Limited evidence suggests that HLA-B*1502 may be a risk factor for the development of SJS/TEN in patients of Chinese ancestry taking other antiepileptic drugs associated with SJS/TEN, including phenytoin. Consideration should be given to avoiding use of other drugs associated with SJS/TEN in HLA-B*1502 positive patients, when alternative therapies are otherwise equally acceptable.
See also How to Use section.
Drug interactions may change how your medications work or increase your risk for serious side effects. This document does not contain all possible drug interactions. Keep a list of all the products you use (including prescription/nonprescription drugs and herbal products) and share it with your doctor and pharmacist. Do not start, stop, or change the dosage of any medicines without your doctor's approval.
Some products that may interact with this drug include: certain azole antifungals (isavuconazonium, voriconazole), orlistat.
Taking MAO inhibitors with this medication may cause a serious (possibly fatal) drug interaction. Avoid taking MAO inhibitors (isocarboxazid, linezolid, methylene blue, moclobemide, phenelzine, procarbazine, rasagiline, safinamide, selegiline, tranylcypromine) during treatment with this medication. Most MAO inhibitors should also not be taken for two weeks before treatment with this medication. Ask your doctor when to start or stop taking this medication.
Other medications can affect the removal of Ternal from your body, which may affect how Ternal works. Examples include macrolide antibiotics (such as erythromycin), rifamycins (such as rifabutin), St. John's wort, among others.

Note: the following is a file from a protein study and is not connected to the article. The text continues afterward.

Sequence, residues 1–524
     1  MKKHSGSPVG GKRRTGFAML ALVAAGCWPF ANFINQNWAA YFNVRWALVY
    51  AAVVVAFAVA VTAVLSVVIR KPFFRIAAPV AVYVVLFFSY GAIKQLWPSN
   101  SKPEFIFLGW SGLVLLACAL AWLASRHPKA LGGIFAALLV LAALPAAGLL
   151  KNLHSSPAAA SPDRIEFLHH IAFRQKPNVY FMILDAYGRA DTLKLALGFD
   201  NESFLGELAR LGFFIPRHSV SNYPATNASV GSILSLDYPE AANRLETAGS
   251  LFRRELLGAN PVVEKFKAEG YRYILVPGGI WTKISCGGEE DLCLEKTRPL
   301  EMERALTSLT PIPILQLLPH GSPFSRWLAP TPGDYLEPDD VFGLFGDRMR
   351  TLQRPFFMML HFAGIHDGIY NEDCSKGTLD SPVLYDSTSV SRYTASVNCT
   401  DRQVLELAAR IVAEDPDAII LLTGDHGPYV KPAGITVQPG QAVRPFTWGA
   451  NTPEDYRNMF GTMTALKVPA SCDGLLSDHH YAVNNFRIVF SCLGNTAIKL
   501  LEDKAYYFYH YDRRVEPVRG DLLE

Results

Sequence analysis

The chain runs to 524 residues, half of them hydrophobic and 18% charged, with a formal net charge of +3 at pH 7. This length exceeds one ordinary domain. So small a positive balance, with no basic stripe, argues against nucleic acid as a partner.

Ternal can speed up the removal of other drugs from your body, which may affect how they work. Examples of affected drugs include artemether/lumefantrine, boceprevir, certain drugs used to prevent blood clots (anticoagulants such as apixaban, rivaroxaban), certain calcium channel blockers (such as nifedipine, nimodipine), nefazodone, HIV NNRTIs (such as delavirdine, efavirenz, etravirine, rilpivirine), praziquantel, ranolazine, among others.
This medication may decrease the effectiveness of hormonal birth control such as pills, patch, or ring. This could cause pregnancy. Discuss with your doctor or pharmacist if you should use reliable backup birth control methods while taking this medication. Also tell your doctor if you have any new spotting or breakthrough bleeding, because these may be signs that your birth control is not working well.
Tell your doctor or pharmacist if you are taking other products that cause drowsiness including alcohol, marijuana (cannabis), antihistamines (such as cetirizine, diphenhydramine), drugs for sleep or anxiety (such as alprazolam, diazepam, zolpidem), muscle relaxants (such as carisoprodol, cyclobenzaprine), and narcotic pain relievers (such as codeine, hydrocodone).
Check the labels on all your medicines (such as allergy or cough-and-cold products) because they may contain ingredients that cause drowsiness. Ask your pharmacist about using those products safely.
This medication may interfere with certain lab tests (such as thyroid function, some pregnancy tests), possibly causing false test results. Make sure lab personnel and all your doctors know you use this drug.